In its early years, the Ballets Russes pursued a more nationalist aesthetic and became a showcase for music by the ‘Mighty Five’ Russian composers and the innovative ‘new ballet’ of Michel Fokine. Ballets such as Cléopâtre (1909) and Schéhérazade (1910) showcased compositions by Nikolai Rimsky-Korsakov, Mikhail Glinka and Modest Mussorgsky and helped to codify the one-act ballet (in contrast to the evening-length work) as the preferred format for dance, and thus dance music. After making an initial splash with Russian exotica and Orientalism, Diaghilev gradually adopted a more cosmopolitan aesthetic, mainly attuned to the tastes of his Paris audience. Claude Debussy’s music was first presented by the company with L’Après-midi d’un Faune (1912), choreographed and danced by Vaslav Nijinsky, and the composer was subsequently recruited to write a new ballet score for the company, which resulted in Jeux (1913), also choreographed by Nijinsky. During this same time Diaghilev commissioned from Maurice Ravel the music for Daphnis and Chloe (1912), with choreography by Fokine. Scores by Richard Strauss also found a place on the Ballets Russes stage, first with the commission of La Légende de Joseph (1914), with choreography by Fokine, and a ballet based on the tone-poem Till Eulenspiegel (1916), notable as the last work choreographed by and starring Nijinsky.

In his patronage of the young and largely unknown Igor Stravinsky, whom he called his ‘first son’, Diaghilev made his most lasting contribution to the canon of modernist music. Indeed, it was thanks to three early works composed for the Ballets Russes – Firebird (1910), Petrouchka (1911) and The Rite of Spring (1913) – that Stravinsky first achieved international renown, and it is with these works that he is most readily identified to this day. Stravinsky was responsible for many other notable scores performed by the company, including Pulcinella (1920), Les Noces (1923) and Apollon Musagète (1928). He enjoyed a longer affiliation with the Diaghilev enterprise than any other artist and in the process collaborated with all the company’s celebrated choreographers – Fokine, Nijinsky, Léonide Massine, Bronislava Nijinska and George Balanchine. Diaghilev was also an ardent supporter of Sergei Prokofiev, his ‘second son’, who would write three original scores for the company: Chout (1921), Le Pas d’Acier (1927) and Prodigal Son (1929, choreographed by Balanchine and still in repertoire).

Erik Satie’s score for Parade (1917) marked a period of increased French influence on the company, and in subsequent years the composers of ‘Les Six’ would be tapped by Diaghilev for new scores, including Darius Milhaud’s Le Train Bleu (1924), Francis Poulenc’s Les Biches (1924) and Georges Auric’s Les Maletots (1925). This more avant-garde turn in the 1920s was spurred in part by the arrival on the Parisian scene of the Ballets Suédois or ‘Swedish Ballet’, a significant albeit short-lived rival to the Ballets Russes. Founded and bankrolled by the Swedish arts patron Rolf de Maré, the company was modelled on the Ballets Russes not just in name but in its overall aesthetic approach. More attuned to Parisian taste than the Diaghilev troupe, the Suédois commissioned numerous scores from the French musical avant-garde, including Milhaud’s L’Homme et son désir (1921), Arthur Honegger’s Skating Rink (1922) and Satie’s Relâche (1924). The company remained active for only five seasons, however, and owing to the untimely death in 1930 of the company’s star and sole choreographer Jean Börlin, none of its dances were preserved in repertoire, although several scores commissioned by the Suédois were later used by other choreographers.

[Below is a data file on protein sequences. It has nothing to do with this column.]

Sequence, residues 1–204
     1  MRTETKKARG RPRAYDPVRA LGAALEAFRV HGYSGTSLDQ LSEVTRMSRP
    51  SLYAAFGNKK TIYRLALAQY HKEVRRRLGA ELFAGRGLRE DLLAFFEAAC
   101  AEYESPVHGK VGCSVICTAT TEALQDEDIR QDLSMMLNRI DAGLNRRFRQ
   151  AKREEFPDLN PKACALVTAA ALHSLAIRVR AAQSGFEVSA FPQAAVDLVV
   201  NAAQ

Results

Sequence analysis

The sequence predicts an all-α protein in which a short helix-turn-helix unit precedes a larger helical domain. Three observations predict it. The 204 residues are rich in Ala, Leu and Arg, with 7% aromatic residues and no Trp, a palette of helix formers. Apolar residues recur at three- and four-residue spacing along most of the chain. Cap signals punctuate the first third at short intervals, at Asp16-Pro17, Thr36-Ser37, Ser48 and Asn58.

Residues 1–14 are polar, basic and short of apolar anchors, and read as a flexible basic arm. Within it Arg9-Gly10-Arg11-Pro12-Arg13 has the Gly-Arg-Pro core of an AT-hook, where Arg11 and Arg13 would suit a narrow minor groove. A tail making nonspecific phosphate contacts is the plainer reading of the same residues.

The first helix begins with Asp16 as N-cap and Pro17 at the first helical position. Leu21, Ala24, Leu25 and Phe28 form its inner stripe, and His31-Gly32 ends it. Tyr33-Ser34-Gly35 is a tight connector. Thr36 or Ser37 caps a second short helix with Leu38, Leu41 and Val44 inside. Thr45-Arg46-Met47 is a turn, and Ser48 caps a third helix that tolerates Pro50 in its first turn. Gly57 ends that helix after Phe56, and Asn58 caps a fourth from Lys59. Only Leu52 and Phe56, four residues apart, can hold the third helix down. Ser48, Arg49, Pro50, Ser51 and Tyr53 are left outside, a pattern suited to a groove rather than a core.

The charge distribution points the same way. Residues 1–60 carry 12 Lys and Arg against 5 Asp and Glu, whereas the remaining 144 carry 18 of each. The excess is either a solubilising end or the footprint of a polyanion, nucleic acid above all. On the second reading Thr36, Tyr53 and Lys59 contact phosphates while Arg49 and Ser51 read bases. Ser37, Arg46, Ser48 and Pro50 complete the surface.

The Diaghilevian model was also embraced by the dancer, actress and impresario Ida Rubinstein, who originated star roles in the early years of the Ballets Russes. Despite her ambitions as a dancer and actress, Rubinstein ultimately made her most enduring contributions to modernist expression as a producer and patron. Among her earliest productions were Le Martyre de Saint-Sébastien (1911), a spectacle-play by d’Annunzio with incidental music by Debussy and choreography by Fokine, as well as two productions of Oscar Wilde’s Salomé, featuring music by Aleksandr Glazunov for the infamous ‘Dance of the Seven Veils’ (danced by Rubinstein herself). In 1928, Rubinstein founded a more official organization, whose debut season included the commissioning of Stravinsky’s Le Baiser de la Fée and Ravel’s Boléro, both staged by Nijinska, who was the company’s primary choreographer. The company’s 1934 season saw the notable commissions of Amphion (music by Honegger and choreography by Massine) and Perséphone (music by Stravinsky and choreography by Kurt Jooss).

Old and new music for dance

Distinct from the Franco-Russian tradition cultivated and consolidated by Diaghilev and his followers, the emergence of ‘modern dance’ in the early twentieth century initiated new ways of combining movement and music. In its earliest years, modern dance drew largely on genteel parlour music favoured by the middle-class audiences that patronized the venues in which they performed. Isadora Duncan’s early salon and studio performances featured piano accompaniment by her mother (using waltzes by Strauss and songs by Mendelssohn) or for one 1898 program the composer Ethelbert Nevin, for whose piano pieces Narcissus, Ophelia and Water Nymph she created dance visualizations. In time, however, these choreographers and their followers looked to new sources of musical inspiration.